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Edward L. Beach Jr.

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Edward Latimer Beach Jr. (April 20, 1918 – December 1, 2002), nicknamed "Ned", was a highly decorated United States Navy submarine officer and best-selling author.[1]

Edward Latimer Beach Jr.
Edward L Beach Jr.jpg
Edward L. Beach Jr. in 1960
Nickname(s) Ned
Born (1918-04-20)April 20, 1918
New York City
Died December 1, 2002(2002-12-01) (aged 84)
Washington, D.C.
Buried United States Naval Academy Cemetery
Allegiance  United States of America
Service/branch  United States Navy
Years of service 1939–1966
Rank Captain
Commands held USS Piper (SS-409)
USS Amberjack  (SS-522)
USS Trigger (SS-564)
USS Williamsburg (AGC-369)
USS Salamonie (AO-26)
USS Triton (SSRN-586)
Submarine Squadron Eight
Battles/wars Neutrality Patrol
World War II
Battle of Midway
Cold War
Awards Navy Cross
Silver Star (2)
Legion of Merit
Bronze Star (2)
Presidential Unit Citation (3)
Magellanic Premium (1961)
Other work Author, Historian

During World War II, he participated in the Battle of Midway and 12 combat patrols, earning 10 decorations for gallantry, including the Navy Cross. After the war, he served as the naval aide to the President of the United States, Dwight D. Eisenhower, and commanded the first submerged circumnavigation.

Beach's best-selling novel, Run Silent, Run Deep, was made into the 1958 movie by the same name. The son of Captain Edward L. Beach Sr. and Alice Fouché Beach, Beach Jr., was born in New York City and raised in Palo Alto, California.

Contents

Naval careerEdit

Beach was appointed to the U.S. Naval Academy in 1935 by Senator Hiram Johnson of California. Beach served as a regimental commander in his first class year. Beach was named as the midshipman who had done the most to promote naval spirit and loyalty in his regiment when he graduated second out of 576 men in his class in 1939.[2][3]

Beach was initially assigned to the heavy cruiser USS Chester, before joining the newly recommissioned destroyer USS Lea, which participated in the neutrality patrol in the Atlantic, the escort of the German passenger liner Columbus, the initial American occupation of Iceland, and convoy duty in the North Atlantic.[2][4]

Beach was detached from Lea in September 1941 to undergo accelerated training at the Submarine Training School at the New London Submarine Base in Connecticut. He completed training, graduating first in his class, in December 1941 shortly after the attack on Pearl Harbor.[2][5]

World War IIEdit

Beach served aboard the submarines USS Trigger and USS Tirante, and took command of USS Piper just as the Pacific War was ending.

 
Beach in 1945

He participated in the Battle of Midway and 12 war patrols that damaged or sank 45 enemy vessels.[2] He held several shipboard positions, including communications officer, engineering officer, navigator, co-approach officer, and executive officer. (Aboard USS Tirante, he was executive officer to Captain George L. Street, who was awarded the Medal of Honor for a combat action during Tirante's first war patrol.) Beach earned 10 decorations for gallantry, including the Navy Cross.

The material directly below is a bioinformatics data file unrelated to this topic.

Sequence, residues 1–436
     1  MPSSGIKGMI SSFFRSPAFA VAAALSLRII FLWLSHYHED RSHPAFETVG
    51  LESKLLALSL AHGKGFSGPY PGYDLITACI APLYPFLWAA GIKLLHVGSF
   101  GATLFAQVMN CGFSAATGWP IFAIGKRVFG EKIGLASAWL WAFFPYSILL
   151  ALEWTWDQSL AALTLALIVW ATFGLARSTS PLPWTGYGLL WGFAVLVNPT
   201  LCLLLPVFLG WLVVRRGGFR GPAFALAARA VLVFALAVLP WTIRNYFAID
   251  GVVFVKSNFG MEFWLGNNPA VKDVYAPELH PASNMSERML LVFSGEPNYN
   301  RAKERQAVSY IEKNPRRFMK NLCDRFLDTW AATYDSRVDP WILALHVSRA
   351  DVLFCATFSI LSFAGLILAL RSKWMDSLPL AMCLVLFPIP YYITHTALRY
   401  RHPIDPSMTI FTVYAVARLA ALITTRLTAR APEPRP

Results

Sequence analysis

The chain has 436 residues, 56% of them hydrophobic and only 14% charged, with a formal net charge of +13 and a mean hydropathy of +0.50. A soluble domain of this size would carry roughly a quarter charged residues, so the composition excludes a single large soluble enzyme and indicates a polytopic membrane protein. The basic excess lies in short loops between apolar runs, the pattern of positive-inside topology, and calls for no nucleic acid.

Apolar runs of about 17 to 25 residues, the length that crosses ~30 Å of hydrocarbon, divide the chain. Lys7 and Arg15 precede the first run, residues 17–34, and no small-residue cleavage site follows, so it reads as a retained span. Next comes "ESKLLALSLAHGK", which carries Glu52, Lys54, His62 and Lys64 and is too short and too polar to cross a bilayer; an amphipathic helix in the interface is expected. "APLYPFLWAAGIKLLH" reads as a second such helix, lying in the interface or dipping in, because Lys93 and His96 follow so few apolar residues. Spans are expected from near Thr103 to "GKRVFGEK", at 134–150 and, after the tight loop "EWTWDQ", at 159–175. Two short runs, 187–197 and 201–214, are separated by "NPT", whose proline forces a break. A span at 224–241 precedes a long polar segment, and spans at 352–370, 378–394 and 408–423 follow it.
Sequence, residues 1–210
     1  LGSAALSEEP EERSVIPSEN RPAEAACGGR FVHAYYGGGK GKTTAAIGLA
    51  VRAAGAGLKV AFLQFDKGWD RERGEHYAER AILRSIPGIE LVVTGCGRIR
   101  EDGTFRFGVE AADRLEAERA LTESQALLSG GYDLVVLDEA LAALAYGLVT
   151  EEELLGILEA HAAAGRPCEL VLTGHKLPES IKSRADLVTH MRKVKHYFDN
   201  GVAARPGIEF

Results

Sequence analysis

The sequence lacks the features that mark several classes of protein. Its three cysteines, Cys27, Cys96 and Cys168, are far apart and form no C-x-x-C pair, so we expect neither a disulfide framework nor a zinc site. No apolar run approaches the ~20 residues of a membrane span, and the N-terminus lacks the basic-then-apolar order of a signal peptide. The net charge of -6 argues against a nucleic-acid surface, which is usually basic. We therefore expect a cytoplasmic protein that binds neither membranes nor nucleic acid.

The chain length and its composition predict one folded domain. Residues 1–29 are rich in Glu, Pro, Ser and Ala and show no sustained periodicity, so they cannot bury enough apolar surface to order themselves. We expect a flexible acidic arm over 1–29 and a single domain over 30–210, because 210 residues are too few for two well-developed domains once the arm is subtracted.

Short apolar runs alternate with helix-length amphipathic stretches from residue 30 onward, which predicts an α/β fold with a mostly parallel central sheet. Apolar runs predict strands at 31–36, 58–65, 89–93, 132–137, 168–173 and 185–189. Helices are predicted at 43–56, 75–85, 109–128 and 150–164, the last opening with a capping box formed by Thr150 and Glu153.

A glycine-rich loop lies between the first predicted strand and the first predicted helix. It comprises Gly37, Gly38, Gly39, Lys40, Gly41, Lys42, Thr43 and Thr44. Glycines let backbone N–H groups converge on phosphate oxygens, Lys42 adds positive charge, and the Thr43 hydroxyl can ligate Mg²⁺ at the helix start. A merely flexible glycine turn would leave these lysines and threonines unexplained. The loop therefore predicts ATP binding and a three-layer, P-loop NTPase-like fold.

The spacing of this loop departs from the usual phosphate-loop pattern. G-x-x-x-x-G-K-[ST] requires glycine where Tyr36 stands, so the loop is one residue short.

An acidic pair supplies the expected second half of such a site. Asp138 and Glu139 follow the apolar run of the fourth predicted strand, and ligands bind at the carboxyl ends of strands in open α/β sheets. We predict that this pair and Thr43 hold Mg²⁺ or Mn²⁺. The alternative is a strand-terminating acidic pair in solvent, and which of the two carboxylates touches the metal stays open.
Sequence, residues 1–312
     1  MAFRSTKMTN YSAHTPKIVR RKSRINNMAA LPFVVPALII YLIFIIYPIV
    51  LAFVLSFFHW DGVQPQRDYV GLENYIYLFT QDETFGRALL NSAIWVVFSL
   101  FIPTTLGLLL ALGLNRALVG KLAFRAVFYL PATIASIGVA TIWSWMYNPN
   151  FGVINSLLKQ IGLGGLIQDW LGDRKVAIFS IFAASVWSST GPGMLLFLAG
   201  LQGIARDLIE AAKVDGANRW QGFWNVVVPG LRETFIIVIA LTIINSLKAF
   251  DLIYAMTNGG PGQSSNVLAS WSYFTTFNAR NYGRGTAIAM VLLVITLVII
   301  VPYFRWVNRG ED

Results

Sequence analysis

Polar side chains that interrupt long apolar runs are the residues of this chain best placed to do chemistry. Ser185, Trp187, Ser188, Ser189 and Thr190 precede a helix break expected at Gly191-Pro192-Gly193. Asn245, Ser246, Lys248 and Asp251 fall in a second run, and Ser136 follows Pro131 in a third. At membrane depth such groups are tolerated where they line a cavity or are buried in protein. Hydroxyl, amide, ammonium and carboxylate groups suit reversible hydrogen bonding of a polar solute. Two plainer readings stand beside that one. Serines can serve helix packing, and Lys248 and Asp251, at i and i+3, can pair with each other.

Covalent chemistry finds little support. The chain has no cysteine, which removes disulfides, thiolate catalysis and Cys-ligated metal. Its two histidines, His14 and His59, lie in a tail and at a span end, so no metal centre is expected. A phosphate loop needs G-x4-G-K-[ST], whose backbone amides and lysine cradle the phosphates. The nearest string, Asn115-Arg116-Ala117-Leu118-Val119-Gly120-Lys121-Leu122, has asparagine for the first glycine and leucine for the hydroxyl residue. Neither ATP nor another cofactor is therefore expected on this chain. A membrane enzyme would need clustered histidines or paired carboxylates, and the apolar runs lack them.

Cold WarEdit

In December 1945, Beach reported to the Department of the Navy to serve as the personal aide to Vice Admiral Louis E. Denfeld, the chief of the Bureau of Naval Personnel. In March 1947, he was attached to the Atomic Defense Section (OPNAV 36) under Rear Admiral William S. Parsons.[6][7]

USS AmberjackEdit

In May 1948, he was given command of USS Amberjack, a GUPPY II modified submarine. Amberjack gained the nickname "Anglejack" because of its pioneering use of steep diving and surfacing angles, which was immortalized in the January 1950 edition of the National Geographic magazine.[6][8] During war games, Amberjack photographed the opposing task force's flagship through its periscope and sent the admiral a copy inscribed with "Regards from Ned Beach and the Amberjack.".[9]

 
Beach while a naval aide

Joint Chiefs of StaffEdit

His tour as skipper of Amberjack was abbreviated as he was called to Washington to serve as Naval Aide to General Omar Bradley, USA, the first Chairman of the Joint Chiefs of Staff, in August 1949. In that post, Beach witnessed first hand the events surrounding the Revolt of the Admirals.[2][10]

USS TriggerEdit

Upon completing his tour of duty as Bradley's aide in March 1951, Beach was named prospective commanding officer of the new Trigger (SS-564), then under construction. Upon commissioning of Trigger II, which was named for Trigger (SS-237) lost during World War II, he became commanding officer of the second submarine to be completed in the new Tang-class submarine after World War II.[11]

The White HouseEdit

From 1953 to 1957, Beach was Naval Aide to President Dwight D. Eisenhower.[9] As Naval Aide Beach was responsible for the management of Camp David, the White House Mess, and for the presidential yacht USS Williamsburg. Because Eisenhower had made a campaign promise to get rid of the presidential yacht, neither the efforts of Beach nor those of Mrs. Eisenhower were successful in dissuading him from that course of action. The elimination of Williamsburg proved to be a bureaucratic hassle for Beach and the Navy Department since Williamsburg was the funnel for all budgets and personnel for Camp David and the White House Mess. While working the White House, Beach volunteered to be the coordinator on the White House staff for all plans to protect the President in case of nuclear attack. Since the Secret Service in 1953 did not deem helicopter travel as safe, evacuating the President on short notice was planned by Beach via the Potomac River, several PT (patrol torpedo) boats and a high speed race down river to meet up with a waiting Navy ship.[12] It was Beach who spearheaded the effort to get First Lady Mamie Eisenhower to christen USS Nautilus, the world's first nuclear-powered submarine, in 1954.[13]